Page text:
so many incubaters...

Discussion in 'Incubating & Hatching Eggs' started by AtRendeAcres, Aug 28, 2007.

  1. AtRendeAcres

    AtRendeAcres Chillin' With My Peeps

    May 23, 2007
    Clarion County
    I want an incubator: which one should I get?


    I did 4 H eggs and they all cooked I don't want to go through that again!
     
  2. fdnick

    fdnick Master Chicken Hoarder

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    Aug 22, 2007
    Spokane, Wa.
    Hope you get lots of responses because I have the same question as you :O)
    Denna
     
  3. arlee453

    arlee453 Chillin' With My Peeps

    Aug 13, 2007
    near Charlotte NC
    Me three.... I really want to hatch out Bantys when my current group gets to the laying age (shhhhh, don't tell my hubby... )

    I was on line last night looking at the choices for small size incubators and it's all so confusing.

    Anyone ever used the r-com electronic ones? They look pretty cool, but do they really work as advertised as far as 'set it and forget it?'

    Su
     
  4. fdnick

    fdnick Master Chicken Hoarder

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    Aug 22, 2007
    Spokane, Wa.
    LOL!! thats the one we were looking at BUT can it be as easy as they say, and what happens if the chick pops out of the egg and you are not there, does the egg turner chop off his leggs?? NEWBY questions??
    DEnna
     
  5. jkcove08

    jkcove08 Chillin' With My Peeps

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    Apr 12, 2007
    Iowa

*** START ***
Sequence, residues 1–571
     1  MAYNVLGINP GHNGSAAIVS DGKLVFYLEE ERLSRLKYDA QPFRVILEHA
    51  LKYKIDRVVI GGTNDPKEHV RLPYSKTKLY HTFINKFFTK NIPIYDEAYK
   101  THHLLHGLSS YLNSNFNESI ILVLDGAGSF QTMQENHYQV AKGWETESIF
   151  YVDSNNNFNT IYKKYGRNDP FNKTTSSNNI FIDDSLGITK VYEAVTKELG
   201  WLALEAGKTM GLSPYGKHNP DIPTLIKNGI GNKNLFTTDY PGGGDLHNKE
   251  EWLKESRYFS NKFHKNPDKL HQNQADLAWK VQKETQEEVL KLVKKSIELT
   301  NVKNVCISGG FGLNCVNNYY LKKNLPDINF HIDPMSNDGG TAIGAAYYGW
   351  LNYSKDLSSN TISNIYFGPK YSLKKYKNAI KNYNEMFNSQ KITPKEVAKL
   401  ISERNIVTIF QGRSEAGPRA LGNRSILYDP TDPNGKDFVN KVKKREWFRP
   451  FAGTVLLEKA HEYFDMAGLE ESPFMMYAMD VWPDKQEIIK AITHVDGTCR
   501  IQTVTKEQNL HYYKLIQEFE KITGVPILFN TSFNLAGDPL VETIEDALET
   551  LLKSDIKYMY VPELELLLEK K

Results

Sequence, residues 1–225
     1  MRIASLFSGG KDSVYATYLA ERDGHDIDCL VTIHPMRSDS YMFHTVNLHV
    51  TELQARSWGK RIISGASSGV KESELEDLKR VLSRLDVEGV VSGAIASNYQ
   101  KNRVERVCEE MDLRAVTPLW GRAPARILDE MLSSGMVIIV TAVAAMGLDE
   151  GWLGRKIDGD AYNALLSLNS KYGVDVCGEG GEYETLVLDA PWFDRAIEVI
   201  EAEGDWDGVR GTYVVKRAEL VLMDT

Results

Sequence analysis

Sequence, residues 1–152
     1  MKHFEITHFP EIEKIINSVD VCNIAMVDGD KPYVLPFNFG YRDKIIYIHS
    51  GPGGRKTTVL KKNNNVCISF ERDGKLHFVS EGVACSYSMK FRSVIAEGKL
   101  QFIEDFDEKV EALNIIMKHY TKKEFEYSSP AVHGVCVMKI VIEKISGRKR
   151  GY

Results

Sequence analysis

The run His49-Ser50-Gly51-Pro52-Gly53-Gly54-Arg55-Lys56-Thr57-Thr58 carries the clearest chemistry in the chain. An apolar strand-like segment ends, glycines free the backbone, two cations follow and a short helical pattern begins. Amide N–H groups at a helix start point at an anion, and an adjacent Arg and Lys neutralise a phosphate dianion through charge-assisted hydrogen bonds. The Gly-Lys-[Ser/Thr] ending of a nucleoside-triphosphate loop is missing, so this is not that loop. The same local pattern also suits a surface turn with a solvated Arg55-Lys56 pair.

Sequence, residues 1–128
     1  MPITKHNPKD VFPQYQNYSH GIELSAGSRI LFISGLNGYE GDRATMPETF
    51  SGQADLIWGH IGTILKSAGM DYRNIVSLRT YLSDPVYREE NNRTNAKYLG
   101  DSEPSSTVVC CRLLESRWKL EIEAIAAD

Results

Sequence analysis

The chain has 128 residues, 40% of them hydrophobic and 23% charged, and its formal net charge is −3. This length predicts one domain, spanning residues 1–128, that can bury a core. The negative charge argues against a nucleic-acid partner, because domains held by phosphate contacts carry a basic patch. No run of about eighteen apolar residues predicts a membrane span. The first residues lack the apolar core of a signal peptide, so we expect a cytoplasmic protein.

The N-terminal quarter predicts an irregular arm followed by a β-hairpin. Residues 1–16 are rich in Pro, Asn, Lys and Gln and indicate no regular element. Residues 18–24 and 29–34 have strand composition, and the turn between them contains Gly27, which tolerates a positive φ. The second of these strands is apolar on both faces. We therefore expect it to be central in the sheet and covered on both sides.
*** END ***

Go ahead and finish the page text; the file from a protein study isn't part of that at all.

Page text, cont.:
I will give you my opinion on what I like. First thing you have to know is that everyone has their favorites. What works for one doesnt for others. Unfortunately the only real way to know is to buy one and try it. It will take time to work out all of the bugs and figure out what works for your area. What works in the North may not work so well in the South. With that said the best bator is the good old broody hen!!! No power failures, no turning, just a little food,water and TLC to keep them happy.. When you are looking for a bator you have to take a few thing into consideration. How many eggs do you want to hatch at a time. If it is only a dozen then the smaller ones are great. If you want to do a couple hundred then you are looking for a sportsman of some type. I have a little giant. I dont have a fan and I dont use a turner. I have a turner but I really dont like it, it takes up to much room and I have a hard time with the thermometer that I use. My little giant cost about 40. at our local feed store. Check there before you start bidding on Ebay. More people pay too much on ebay for foam bators. It has taken me a year of trials and error to get to having 70 to 90 % hatch rates and I am still learning. I also have a home made bator that I use all the time. I took the heating element out of a Little giant that the foam was broke on and put it in a foam cooler. I adjusted the floor so that it ran just like the real thing. You will have to decide how much time you have to spend with your eggs. I suggest hand turning them if you can get the time 2 to 3 times a day. If you dont have that kind of time then a turner is needed. When you put water in your bator you have to remember that as the water evaproates and runs dry that the dry temp will go up. I let my bator go dry once and my temps spiked to 104 over night. Needless to say I lost about $60.oo worth of eggs. I have found that by using a bowl of water with sponges I have a better humidity level then just putting the water in the bottom. My sister has also just given me a lyon T6 to use. I have hatched 2 sets of egg with it and do like it for a hatcher. That is another thing you will have to decide is if you want to run several sets of eggs. If you set eggs on different days in the same bator then you will also need a hatching bator. This way depending on what you are hatching you can transfer the eggs into the hatching bator and be able to continue turning the others. DIfferent birds take different amounts of time to incubate. Just remember that it doesnt matter if it cost 50 or 500 they will still take time to adjust to your areas. You are always learning. The best thing to do is find someone that has mutt eggs to hatch first and then sell them if you dont want to keep them. Dont go running to ebay and spend 75 on 2 peacock eggs and then be disapointed when they dont hatch. Some types of birds are easier to hatch then others. I have a heck of a time with turkey eggs my self. I am learning though and have gotten better. If you can get nonshipped eggs to start with you will have better fertility rates too. Eggs might have been fertile when shipped to you but if they were shook up or to hot or to cold they may not develope, they you think that they were not fertile . The only time that I figured that eggs were not fertile when I incubated them was when I got guinea and pheasant eggs from the same person on an auction site. The guinea eggs hatched fine but non of the pheasant eggs developed. They were shipped in the same box so something was wrong with the pheasant eggs. Things happen and I just dont buy from that person any more. You really just need to decide how much do you want to spend, how many eggs do you want to hatch, and how interactive do you want to be in the process and that will help you decide what type of bator you need. Just remember that once you start you will want to hatch more and more!!! Good luck and if you have any specific questions send me an email, warning, I am by far an expert on hatching but will tell you what has worked for me. Jenn